Friday, June 10, 2016

The Kingfisher

The Kingfisher, Amy Clampitt

Amy Clampitt, the Iowa Quaker, published her first book of poetry in 1983--she was sixty-three years old--and while she had been writing poetry since her undergraduate days at Grinnell College, she had only started to publish in the late 1970's.  Simply put, The Kingfisher is among the finest sustained poetic achievements in the English language. Clampitt, who died in 1994, was born on June 15, 1920, and it was the proximity of her birthday that led me to reread this extraordinary book.

Wheeling, the careening
winds arrive with lariets
and tambourines of rain.
Torn-to-pieces, mud-dark
flounces of Caribbean

cumulus keep passing, 
keep passing.  By afternoon
rinsed transparencies begin
to open overhead, Mediterranean
windowpanes of clearness

crossed by young gusts'
vaporous fripperies, liquid
footprints flying, lacewing
leaf-shade brightning
and fading....

[From "The Edge of the Hurricane"]

Miss Clampitt's closest progenitor was Gerard Manley Hopkins (her title is taken from a line of Hopkins); both share a baroque and mystical connection to the natural world, an extraordinary lexical richness, stunning imagery, and the metaphysical poet's ability to link the seemingly disconnected into unforgettable synthesis.  Her work at Oxford University Press and the Audubon Society appear to have leached both language and observational acuity into her verse--like Hopkins, but better, Clampitt uncovers the rich symbiotic connection between poet and nature, not in search of God, and not in search of Meaning, but purely for the beauty of being alive, the wry and charming oddity of being in this world. Here's one of my favorite Clampitt poems, "Sea Mouse":

The orphanage of possibility
has had to be expanded to 
admit the sea mouse. No one
had asked for such a thing, 
or prophesied its advent,

sheltering under ruching
edges of sea lettuce--
a wet thing but pettable
as, seen in the distance, 
the tops of copses, 

sun-honeyed, needle pelted
pine trees, bearded barley, 
or anything newborn not bald
but furred. No rodent this 
scabrous, this unlooked-for

foundling, no catnip plaything
for a cat to worry, not even
an echinoderm, the creature
seems to be a worm. Silk-spiny, 
baby-mummy-swaddled, it's

at home where every corridor
is mop-and-bucket scrubbed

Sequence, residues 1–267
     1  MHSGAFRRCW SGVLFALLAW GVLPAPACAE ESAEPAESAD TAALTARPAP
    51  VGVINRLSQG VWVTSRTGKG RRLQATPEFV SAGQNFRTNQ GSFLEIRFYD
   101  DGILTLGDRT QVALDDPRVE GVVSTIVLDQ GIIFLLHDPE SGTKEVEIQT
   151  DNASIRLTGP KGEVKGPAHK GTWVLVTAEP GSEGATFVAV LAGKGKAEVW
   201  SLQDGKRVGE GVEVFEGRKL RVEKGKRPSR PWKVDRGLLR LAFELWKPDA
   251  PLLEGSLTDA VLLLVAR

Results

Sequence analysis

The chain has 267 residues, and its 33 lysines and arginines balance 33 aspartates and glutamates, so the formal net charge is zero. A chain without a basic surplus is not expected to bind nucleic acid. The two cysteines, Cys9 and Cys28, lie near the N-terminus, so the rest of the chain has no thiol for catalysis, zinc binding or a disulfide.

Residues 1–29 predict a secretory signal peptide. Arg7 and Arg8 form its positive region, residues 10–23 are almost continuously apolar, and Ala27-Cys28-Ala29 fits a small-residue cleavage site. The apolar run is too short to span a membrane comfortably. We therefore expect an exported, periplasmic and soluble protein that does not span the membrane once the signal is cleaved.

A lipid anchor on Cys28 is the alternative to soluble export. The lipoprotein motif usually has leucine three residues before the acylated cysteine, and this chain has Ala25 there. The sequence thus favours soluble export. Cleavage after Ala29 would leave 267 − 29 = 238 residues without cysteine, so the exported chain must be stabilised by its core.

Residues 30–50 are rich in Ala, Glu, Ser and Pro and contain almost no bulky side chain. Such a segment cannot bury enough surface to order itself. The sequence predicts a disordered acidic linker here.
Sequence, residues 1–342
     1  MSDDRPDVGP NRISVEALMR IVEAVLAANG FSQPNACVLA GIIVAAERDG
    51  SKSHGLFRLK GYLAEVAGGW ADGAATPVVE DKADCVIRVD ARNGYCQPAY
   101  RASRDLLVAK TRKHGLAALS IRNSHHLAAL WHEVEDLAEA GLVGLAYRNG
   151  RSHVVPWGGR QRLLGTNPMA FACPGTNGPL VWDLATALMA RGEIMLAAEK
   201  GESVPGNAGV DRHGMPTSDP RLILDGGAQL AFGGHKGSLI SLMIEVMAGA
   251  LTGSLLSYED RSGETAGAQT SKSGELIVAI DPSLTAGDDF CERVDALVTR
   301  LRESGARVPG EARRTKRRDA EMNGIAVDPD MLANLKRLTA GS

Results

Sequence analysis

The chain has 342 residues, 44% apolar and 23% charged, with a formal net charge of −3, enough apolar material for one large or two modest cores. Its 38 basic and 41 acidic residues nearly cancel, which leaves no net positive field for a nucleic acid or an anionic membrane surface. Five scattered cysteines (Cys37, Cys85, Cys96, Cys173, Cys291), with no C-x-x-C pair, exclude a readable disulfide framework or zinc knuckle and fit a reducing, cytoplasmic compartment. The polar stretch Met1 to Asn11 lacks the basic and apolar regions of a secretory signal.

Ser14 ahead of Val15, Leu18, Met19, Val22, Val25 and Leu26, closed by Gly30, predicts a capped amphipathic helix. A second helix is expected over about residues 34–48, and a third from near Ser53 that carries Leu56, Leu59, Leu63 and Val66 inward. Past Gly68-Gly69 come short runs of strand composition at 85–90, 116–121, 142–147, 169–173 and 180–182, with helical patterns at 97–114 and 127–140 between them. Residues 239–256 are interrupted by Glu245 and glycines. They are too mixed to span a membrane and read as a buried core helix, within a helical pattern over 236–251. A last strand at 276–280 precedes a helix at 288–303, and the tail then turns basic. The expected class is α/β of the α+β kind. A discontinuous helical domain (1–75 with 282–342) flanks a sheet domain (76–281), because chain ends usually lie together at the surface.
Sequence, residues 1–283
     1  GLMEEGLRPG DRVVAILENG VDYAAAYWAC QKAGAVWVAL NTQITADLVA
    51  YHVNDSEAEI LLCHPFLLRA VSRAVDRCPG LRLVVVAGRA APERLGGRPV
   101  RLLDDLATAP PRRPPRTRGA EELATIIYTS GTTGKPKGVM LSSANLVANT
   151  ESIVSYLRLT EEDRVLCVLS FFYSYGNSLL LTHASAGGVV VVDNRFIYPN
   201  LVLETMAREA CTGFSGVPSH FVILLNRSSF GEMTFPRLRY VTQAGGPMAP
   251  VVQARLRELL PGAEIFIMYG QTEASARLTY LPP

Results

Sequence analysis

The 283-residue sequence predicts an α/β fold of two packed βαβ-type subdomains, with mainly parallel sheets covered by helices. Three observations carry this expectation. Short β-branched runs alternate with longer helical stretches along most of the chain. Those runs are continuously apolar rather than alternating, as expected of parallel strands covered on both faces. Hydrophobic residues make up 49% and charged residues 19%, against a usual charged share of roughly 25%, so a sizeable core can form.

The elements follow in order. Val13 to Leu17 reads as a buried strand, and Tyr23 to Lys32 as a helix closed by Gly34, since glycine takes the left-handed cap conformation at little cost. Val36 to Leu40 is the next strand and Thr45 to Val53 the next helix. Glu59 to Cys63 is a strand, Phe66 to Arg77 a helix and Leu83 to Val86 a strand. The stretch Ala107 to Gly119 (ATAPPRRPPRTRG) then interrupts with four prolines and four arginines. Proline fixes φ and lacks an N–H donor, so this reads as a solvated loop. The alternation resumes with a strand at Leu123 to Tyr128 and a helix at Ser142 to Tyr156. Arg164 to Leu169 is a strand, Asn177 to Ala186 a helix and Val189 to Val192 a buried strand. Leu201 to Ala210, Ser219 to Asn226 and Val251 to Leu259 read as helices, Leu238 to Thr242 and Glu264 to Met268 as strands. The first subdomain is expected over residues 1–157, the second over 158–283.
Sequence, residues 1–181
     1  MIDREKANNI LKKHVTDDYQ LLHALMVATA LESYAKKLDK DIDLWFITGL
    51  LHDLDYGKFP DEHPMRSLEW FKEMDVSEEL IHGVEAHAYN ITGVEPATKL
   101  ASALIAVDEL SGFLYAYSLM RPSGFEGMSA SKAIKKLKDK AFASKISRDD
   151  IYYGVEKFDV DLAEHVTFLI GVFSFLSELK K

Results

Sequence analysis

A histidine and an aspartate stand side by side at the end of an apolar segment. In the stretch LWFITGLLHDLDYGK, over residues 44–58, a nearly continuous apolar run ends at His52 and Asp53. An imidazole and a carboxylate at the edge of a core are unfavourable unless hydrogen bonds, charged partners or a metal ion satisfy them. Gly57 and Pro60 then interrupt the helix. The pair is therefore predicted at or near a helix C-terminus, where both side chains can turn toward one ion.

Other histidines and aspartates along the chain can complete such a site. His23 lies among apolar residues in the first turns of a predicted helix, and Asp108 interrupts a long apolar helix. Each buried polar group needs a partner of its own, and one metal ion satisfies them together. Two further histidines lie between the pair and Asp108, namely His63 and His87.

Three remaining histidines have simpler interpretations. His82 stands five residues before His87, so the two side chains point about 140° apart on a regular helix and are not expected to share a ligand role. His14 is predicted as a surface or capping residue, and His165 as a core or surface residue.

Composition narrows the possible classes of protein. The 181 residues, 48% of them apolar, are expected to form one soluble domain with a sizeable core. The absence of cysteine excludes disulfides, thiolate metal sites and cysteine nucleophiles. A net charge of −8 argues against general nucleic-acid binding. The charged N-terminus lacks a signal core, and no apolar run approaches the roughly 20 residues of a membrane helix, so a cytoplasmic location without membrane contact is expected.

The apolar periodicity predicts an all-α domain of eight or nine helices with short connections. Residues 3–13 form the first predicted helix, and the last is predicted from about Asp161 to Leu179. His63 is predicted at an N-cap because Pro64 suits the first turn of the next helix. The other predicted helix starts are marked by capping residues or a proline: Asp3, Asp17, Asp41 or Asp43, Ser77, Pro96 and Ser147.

and aired from wall to wall
twice daily by the inde-
fatigable tidal head nurse.  

Such chewy language! Ruchy, needle-pelted, silk-spiny. And in other poems the same joyful playing with language. But not just playing, Clampitt's not a "language poet," no, there's meaning and feeling at every turn: "the nodding/campanula of bell buoys" ("Fog"); "a tatting/ of foam out where the rocks are" ("Gradual Clearing"); "Strawstacks' beveled loaves" ("Stacking the Straws"). She's one of the few poets who sends me, gratefully, to the OED--"furred with a velouté/of looking glass"--velouté, one of the Mother Sauces of French cuisine (who knew?). Then there is "scenes of transhumance," "a chromo of Hobbema," "grisaille." I especially admire the way Clampitt uses possessives and compounding hyphens to join ideas that one might not conceive of as joined, but which, in her capable hands, are effortlessly put together; her striking adjectives: "wing-dragging" killdeer or "berry-eyed and bark-brown" kingfisher. The freshness with which she looks at the every day. Great poets are always youthful, vigorous, joyful. Except if they are mopes, but in the summer I am opting for the joyful ones, Clampitt above all--a romantic in the American idiom.

Not only does she send me to the dictionary. Clampitt taken on a meandering stroll in the local landscape incites me to look more carefully: "Nightfall/hangs up a single moon/bleached white as laundry;" and this: "spilled/and scattered like/a gust of lost pollen."  No seas near me, but I do remember the coast in a storm well enough for this image: "gales hurled gnashing like seawater over fences'/laddered apertures..." ("The Woodlot").

My copy--now 33 years old--is full of pencil markings, grass stains, stuffed with cottonwood leaves, scuffed from being packed along on hikes and camping trips (along with Annie Dillard, who, like Hopkins, is a bit too pious for my tastes, but who nonetheless has the keen eye and immersion in poetic language we find in Clampitt). Clampitt wrote poems about Maine and New York City (where she mostly lived--you wouldn't know it), about Iowa and farm life in that beautiful corny rectangle of a place. About the many countries she visited--Italy and England in particular--and, some of her best and wittiest, about music. Especially memorable is her long poem "Beethoven, Opus 111," too beautiful simply to quote from and too long to type out here.

Buy the book. Write your name in it. Carry it around all summer (with a pocket dictionary). You'll be happy you did.

And finally, this:

Easter Morning

a stone at dawn
cold water in the basin
these walls' rough plaster
after the hammering
of so much insistence
on the need for naming
after the travesties
that passed as faces,
grace : the unction
of sheer nonexistence
upwelling in this
hyacinthine freshet
of the unnamed
the faceless

There are no bad photographs of Amy Clampitt. Here is my favorite.

George Ovitt (6/10/16)

The Kingfisher is published by Knopf and is still in print, thank God. 

For the sea mouse:

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